Record Cutter Project

My flagship project for this session is a record cutting lathe.  The concept is to transfer vibrations from MP3 playback onto a stylus, and use the stylus to cut miniscule grooves into a CD (or similar round plastic) to be played back on a record player.

6-20 First Milestone reached

Today I was successful in using the cutting head prototype to engrave a CD spinning on a turntable.  The result was a few seconds of recognizable music playback when the needle of the record player found the grooves.  Several problems arose during this first test.  First of all, the shakiness of my hands caused the grooves to be poorly spaced or overlapping.  The rotating assembly and slide bar, soon to be completed, solves this problem.  The second problem I encountered was inconsistent groove depth.  Some of this can be attributed to my hands, but I have found that my cutting head has too much mass.  The result of too much mass on the cutting head is treble suppression, as the weight of the cutting head itself causes the stylus to cut too deep to register softer vibrations.  Furthermore, the excess weight prohibits the stylus to work at its most effective angle, which is 75 degrees, respectively.  The initial recordings required an approximate 50 degree cutting angle, which further inhibits engraving of higher frequencies.  That’s not all- as I predicted, the excess mass of the speakers caused the turntable to slow down during recording, causing a noticeable inconsistency in playback sounds.  My proposed solution is simple; use smaller, lighter speakers and scale down my original cutting head, using the same stylus mounting system that currently works as designed.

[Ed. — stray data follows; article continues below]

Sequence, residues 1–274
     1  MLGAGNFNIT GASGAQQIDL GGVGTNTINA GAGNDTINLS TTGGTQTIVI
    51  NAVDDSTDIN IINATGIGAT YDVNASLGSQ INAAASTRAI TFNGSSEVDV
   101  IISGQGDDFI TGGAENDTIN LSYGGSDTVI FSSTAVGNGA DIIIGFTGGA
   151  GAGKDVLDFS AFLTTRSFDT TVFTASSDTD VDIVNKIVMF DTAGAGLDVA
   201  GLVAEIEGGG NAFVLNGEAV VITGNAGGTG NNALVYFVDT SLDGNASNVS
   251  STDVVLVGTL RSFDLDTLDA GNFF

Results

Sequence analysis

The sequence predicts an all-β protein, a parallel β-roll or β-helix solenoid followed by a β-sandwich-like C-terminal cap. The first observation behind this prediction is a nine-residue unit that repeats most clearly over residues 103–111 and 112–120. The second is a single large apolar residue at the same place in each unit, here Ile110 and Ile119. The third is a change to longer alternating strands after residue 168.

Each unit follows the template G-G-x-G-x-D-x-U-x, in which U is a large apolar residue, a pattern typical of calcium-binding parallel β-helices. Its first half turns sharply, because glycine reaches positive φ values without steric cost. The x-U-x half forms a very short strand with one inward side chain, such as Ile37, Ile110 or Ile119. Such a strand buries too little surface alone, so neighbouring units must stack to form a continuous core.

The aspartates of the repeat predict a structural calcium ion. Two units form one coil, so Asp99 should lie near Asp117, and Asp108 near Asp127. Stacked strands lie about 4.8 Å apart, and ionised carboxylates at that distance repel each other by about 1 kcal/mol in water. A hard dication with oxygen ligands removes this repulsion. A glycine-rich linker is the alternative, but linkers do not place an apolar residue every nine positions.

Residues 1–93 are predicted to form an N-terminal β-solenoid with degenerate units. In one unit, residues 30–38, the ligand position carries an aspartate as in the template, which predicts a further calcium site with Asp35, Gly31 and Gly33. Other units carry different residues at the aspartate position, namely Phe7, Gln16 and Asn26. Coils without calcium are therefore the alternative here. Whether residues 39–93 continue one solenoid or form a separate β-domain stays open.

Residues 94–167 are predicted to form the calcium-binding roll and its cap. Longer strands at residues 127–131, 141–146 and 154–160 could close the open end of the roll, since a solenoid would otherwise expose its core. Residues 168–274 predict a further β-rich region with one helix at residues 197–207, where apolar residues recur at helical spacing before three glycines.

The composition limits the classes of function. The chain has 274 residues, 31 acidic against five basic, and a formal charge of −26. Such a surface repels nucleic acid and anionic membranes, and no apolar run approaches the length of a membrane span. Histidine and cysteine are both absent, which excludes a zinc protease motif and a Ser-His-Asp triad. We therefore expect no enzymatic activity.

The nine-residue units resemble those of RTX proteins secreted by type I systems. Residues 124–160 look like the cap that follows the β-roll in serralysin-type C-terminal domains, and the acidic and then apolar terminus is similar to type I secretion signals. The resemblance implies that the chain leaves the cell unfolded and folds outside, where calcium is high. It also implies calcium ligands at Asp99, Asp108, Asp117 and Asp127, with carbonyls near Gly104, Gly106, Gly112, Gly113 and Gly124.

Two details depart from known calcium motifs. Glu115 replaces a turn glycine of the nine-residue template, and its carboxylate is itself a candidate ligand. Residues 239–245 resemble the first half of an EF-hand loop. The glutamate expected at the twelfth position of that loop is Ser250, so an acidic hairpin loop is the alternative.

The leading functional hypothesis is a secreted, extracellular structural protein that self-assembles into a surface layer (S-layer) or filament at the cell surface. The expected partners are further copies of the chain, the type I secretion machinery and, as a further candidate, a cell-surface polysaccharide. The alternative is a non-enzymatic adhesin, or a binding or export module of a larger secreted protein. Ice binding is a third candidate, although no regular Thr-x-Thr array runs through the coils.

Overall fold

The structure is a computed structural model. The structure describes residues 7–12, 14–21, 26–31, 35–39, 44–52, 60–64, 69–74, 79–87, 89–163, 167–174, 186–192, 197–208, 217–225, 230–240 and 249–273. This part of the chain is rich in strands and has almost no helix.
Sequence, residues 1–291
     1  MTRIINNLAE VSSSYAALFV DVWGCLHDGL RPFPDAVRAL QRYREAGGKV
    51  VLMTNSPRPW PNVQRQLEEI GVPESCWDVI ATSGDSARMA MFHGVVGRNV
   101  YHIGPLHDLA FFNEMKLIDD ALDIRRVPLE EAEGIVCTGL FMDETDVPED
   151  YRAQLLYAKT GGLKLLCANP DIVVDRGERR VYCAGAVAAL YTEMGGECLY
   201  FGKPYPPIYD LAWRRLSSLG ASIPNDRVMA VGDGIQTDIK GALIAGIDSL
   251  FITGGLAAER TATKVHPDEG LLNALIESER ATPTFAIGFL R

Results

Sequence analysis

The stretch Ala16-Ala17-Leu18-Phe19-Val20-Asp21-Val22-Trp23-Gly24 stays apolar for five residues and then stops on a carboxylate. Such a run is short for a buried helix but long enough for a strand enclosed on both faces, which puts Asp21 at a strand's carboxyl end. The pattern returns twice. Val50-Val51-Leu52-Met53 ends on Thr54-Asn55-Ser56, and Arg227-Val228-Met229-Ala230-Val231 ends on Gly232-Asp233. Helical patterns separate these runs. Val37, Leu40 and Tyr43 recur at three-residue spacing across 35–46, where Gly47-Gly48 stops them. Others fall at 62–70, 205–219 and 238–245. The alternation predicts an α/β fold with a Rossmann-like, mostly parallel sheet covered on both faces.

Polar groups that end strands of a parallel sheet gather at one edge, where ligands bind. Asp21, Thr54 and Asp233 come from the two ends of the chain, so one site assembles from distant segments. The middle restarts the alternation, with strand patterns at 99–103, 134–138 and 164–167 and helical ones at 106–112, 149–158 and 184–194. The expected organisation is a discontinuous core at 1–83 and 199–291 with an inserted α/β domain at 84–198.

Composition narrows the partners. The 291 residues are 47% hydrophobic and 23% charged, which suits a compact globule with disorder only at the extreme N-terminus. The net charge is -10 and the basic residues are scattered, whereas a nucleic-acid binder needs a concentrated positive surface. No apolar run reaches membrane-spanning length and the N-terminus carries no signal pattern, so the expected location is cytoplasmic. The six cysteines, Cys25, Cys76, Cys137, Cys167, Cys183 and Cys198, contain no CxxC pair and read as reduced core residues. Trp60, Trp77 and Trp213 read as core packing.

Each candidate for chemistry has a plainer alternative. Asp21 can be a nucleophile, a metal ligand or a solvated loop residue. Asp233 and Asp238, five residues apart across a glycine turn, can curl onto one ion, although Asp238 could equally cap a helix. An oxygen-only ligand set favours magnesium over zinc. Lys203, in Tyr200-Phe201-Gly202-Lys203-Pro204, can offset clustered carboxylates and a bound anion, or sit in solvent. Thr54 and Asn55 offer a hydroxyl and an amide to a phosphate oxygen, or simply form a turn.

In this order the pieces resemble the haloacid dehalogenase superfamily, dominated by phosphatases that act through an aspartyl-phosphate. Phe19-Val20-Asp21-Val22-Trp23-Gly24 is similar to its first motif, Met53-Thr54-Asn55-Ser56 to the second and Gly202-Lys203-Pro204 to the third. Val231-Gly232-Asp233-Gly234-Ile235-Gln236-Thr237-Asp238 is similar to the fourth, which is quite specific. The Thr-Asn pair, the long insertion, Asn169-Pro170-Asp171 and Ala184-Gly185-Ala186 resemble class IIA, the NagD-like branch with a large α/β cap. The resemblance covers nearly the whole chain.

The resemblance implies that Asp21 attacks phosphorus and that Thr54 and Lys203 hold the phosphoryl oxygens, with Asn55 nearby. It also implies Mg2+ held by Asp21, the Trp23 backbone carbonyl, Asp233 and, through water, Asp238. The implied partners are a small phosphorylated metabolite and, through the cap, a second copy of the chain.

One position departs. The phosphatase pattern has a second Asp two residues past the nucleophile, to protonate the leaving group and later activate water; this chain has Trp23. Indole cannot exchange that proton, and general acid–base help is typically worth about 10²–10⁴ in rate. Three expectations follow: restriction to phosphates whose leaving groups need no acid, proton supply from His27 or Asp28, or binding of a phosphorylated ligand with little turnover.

Starter Project: ‘Simon Says’ Game

I built this ‘Simon Says’ game as my starter project.  The concept of the game is to follow the flashing lights under the 4 buttons and enter in the pattern the same way it was played.  The kit came with a printed board, a resistor, microcontroller, 2 capacitors, buttons, LEDs, a speaker, and switches.  I soldered all the components in the designated places on the circuit board.  The power, from 2 AA batteries, flows through the resistor and into the microcontroller.  From the controller chip, it flows from different pegs into the capacitors, then into the LEDs, displaying the pattern.  Then, when the circuit is connected by pressing a button, the power flows back into the controller, which then issues a response through the ‘out’ pins.  Unfortunately, the speaker that came with the kit was unsatisfactory, so I soldered a 25 watt car speaker to the connections instead to provide adequate sound for the device.

 


 

 

 

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